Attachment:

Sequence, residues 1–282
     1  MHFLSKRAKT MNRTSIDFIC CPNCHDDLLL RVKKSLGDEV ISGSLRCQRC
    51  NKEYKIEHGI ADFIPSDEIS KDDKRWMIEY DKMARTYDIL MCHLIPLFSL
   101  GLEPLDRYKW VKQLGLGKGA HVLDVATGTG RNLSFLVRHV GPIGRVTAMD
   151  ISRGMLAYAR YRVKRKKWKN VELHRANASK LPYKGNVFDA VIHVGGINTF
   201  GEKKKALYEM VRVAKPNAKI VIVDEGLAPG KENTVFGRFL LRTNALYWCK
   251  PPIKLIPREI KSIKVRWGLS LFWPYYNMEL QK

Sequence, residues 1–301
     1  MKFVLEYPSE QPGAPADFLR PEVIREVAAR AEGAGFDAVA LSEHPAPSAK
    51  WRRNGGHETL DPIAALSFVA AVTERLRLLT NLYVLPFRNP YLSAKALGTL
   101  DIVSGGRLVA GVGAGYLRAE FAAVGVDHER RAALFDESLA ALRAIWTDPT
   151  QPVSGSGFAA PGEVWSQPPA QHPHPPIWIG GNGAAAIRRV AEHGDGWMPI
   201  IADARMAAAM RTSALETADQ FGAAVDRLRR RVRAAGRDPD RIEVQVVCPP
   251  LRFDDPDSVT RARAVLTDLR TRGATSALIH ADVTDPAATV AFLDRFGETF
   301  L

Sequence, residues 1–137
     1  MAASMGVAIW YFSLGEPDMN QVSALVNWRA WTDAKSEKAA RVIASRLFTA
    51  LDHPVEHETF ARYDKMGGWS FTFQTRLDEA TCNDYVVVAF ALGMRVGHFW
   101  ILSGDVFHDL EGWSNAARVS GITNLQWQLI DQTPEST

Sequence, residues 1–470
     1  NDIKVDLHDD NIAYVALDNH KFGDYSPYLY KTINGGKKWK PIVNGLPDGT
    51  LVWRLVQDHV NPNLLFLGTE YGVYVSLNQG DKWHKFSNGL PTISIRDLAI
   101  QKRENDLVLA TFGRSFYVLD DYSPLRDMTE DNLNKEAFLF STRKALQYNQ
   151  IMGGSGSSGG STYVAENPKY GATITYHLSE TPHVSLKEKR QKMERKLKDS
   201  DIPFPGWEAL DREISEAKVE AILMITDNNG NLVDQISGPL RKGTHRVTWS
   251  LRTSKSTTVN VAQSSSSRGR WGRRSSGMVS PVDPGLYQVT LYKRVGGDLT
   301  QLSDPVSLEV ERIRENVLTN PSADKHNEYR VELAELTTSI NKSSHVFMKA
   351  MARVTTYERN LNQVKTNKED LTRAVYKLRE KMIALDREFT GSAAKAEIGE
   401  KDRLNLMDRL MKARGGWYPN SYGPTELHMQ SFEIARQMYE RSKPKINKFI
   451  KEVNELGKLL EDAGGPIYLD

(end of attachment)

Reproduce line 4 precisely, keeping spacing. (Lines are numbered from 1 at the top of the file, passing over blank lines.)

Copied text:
   101  GLEPLDRYKW VKQLGLGKGA HVLDVATGTG RNLSFLVRHV GPIGRVTAMD